Industry Insights
July 21, 2023

Mental Health and DEIB in the Workplace

Written by
Kristen Colley, LMFT
Reviewed by
Updated on

At Two Chairs, we believe that mental health and diversity, equity, inclusion, and belonging (DEIB) are inextricably connected. We’re building a world where everyone has access to exceptional mental health care, and that can’t exist without DEIB. 

We recently brought on Aubrey Harrison, PhD, a clinical psychologist and DEIB expert, as our new Senior Manager of DEIB to help us fulfill that mission by building out diversity, equity, and inclusion programs within Two Chairs. 

I sat down with him to learn more about his work and his perspectives on mental health and DEIB within organizations.

Kristen Colley: How did you find yourself working in DEIB as a career?  Was it something you always wanted to do, or a passion found later in your working life?

Aubrey Harrison: I found myself working in DEIB because I was passionate about making sure people with diverse perspectives and voices feel included. When I was pursuing my PhD in Clinical Psychology, my research focused on the experience and impact of racism among Black youth. It was such rewarding work, but I knew there was more that needed to be done. 

As I began to apply my work in the real world, I started to see the systemic impact of decisions made by those in charge on underserved communities. That’s when I decided that I should start doing work related to diversity, equity, inclusion, and belonging — to make sure those decisions are made with everyone in mind.

Colley: What are common struggles or barriers you find within organizations that are trying to live within the values of DEIB?

Harrison: I often find that organizations feel like this work is too difficult for them. It's easier to make a statement, donate money to another organization, and provide diversity training once a year. The problem is that, when the work stops there, there isn't any real commitment to making the workplace more inclusive, and real change doesn’t actually happen. 

Colley: How do you utilize your Clinical Psychology degree to further your effectiveness in advocating for DEIB within organizations?

Harrison: My Clinical Psychology degree is probably one of my greatest assets for this work because, not only do I have the research background to understand how systems impact people, teams, and organizations, but I also have the expertise in guiding people through how they can live out diversity, equity, inclusion, and belonging in everything they do —whether that’s at work or at home.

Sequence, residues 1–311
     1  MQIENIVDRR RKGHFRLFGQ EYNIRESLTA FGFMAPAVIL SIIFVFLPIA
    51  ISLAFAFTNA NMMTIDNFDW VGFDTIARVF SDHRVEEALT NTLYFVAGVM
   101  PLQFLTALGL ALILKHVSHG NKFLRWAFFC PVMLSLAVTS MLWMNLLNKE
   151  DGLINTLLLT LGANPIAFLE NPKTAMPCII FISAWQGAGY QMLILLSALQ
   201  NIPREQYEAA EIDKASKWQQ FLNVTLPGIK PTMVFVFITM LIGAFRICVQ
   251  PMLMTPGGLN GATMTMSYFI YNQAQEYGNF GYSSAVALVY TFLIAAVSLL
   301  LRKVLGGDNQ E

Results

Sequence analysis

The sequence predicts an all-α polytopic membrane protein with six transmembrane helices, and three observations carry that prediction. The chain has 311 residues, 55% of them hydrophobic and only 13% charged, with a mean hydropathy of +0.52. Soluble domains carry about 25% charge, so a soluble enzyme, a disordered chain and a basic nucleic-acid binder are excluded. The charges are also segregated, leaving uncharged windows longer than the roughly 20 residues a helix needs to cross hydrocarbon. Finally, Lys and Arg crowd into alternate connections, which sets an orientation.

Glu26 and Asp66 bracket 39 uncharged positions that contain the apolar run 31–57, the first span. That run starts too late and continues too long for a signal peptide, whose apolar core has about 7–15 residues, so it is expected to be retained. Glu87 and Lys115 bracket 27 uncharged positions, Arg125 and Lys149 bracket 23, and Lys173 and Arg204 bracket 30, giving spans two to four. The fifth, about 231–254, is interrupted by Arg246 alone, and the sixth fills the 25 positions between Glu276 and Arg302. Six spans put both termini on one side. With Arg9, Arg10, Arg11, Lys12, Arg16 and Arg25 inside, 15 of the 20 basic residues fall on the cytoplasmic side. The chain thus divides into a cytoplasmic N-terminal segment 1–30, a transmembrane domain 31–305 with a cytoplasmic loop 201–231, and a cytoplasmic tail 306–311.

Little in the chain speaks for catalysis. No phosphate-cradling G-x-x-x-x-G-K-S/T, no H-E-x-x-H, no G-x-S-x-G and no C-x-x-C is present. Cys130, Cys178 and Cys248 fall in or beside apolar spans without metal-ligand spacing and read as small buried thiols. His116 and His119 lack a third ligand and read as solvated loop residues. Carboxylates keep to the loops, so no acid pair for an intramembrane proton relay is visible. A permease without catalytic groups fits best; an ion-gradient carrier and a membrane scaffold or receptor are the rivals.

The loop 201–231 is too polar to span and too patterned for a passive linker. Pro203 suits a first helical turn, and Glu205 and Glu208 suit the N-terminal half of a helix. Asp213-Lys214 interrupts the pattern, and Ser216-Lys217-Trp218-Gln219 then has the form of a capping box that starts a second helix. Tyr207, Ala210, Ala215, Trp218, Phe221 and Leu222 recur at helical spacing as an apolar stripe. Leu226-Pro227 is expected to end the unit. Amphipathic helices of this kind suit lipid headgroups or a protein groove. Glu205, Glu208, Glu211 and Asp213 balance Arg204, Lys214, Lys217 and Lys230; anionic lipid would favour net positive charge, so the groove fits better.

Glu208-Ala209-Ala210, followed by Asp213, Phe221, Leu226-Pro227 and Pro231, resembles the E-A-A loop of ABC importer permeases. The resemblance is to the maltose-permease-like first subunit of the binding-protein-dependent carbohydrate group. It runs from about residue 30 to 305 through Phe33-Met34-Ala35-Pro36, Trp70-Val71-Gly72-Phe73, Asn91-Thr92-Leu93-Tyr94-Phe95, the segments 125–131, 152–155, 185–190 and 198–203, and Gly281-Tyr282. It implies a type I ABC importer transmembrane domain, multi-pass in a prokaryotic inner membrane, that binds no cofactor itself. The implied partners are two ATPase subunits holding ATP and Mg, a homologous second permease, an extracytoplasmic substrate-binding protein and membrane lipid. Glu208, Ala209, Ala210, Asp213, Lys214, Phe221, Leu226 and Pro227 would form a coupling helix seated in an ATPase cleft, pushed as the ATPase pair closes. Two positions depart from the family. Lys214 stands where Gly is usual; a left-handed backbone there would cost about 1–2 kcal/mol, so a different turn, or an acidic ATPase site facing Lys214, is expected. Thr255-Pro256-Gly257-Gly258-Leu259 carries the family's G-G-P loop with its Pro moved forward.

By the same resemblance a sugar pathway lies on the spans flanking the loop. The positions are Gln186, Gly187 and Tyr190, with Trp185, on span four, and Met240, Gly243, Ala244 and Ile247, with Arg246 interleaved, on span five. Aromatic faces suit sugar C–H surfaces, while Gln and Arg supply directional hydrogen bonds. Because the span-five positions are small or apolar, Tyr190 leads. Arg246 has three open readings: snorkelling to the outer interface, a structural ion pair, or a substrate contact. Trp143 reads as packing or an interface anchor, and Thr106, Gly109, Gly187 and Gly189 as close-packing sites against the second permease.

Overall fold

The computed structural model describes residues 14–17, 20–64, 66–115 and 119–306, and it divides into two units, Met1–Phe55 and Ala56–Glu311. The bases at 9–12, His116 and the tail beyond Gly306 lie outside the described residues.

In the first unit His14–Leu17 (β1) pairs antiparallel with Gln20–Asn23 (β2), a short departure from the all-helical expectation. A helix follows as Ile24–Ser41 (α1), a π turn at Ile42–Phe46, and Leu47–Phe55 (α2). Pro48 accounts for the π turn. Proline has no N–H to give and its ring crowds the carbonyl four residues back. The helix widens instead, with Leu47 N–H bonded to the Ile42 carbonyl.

Colley: What excited you about joining Two Chairs?

Harrison: Two Chairs excited me because of our mission to provide exceptional mental health care for all. Imagine making that a reality —we would see people from all backgrounds getting the support they need to thrive in all areas of life with culturally responsive care. 

So when I saw that mission and thought about my previous DEIB work, I thought this could be the place where I truly see all people, regardless of who they are, receive the care that they deserve. And that felt really inspiring to me.

Additionally, it’s very clear to me that Two Chairs is committed to DEIB, and while we still have a lot of work to do to fulfill our mission, people across all of our internal teams — from clinical to product to care coordination and everything in between — are dedicated to weaving DEIB into the culture and framework of Two Chairs to make our mission a reality. 

Colley: What impact have you seen on mental health at organizationswhere DEIB is prioritized? What about on the flip side, where it’s not prioritized?

Harrison: When DEIB is prioritized, you see people thriving at their jobs, feeling included in the culture of an organization, believing that they can show up as themselves, and experiencing less stress and anxiety. 

When it is not prioritized, you often get a homogenous workplace that is stunted in its growth and fails to retain remarkable talent. Now more than ever, people are looking for jobs that allow their work lives to feel as supportive and fulfilling as their personal lives, and that needs to take into account who they are, what they do, and how included they feel in the spaces they occupy at work.

Colley: How do you see mental health and DEI intertwining within organizations now and in the future?

Harrison: Especially over the past few years, organizations everywhere are realizing that they need to make employee well-being a central focus and top priority, encompassing mental health, physical health and emotional health together as a whole. And in order to be effective at their jobs, people need to feel like they’re in the right mindset.

That’s where DEIB and mental health become intertwined — the more we can help people feel like who they are is a part of company culture and that they belong in the workplace, the better their well-being and therefore their work will be.   

If you or someone you know is seeking mental health care, you can book a matching appointment with Two Chairs here.

If you or someone you know is experiencing an emergency or crisis and needs immediate help, call 911 or go to the nearest emergency room. Additional resources can be found here.

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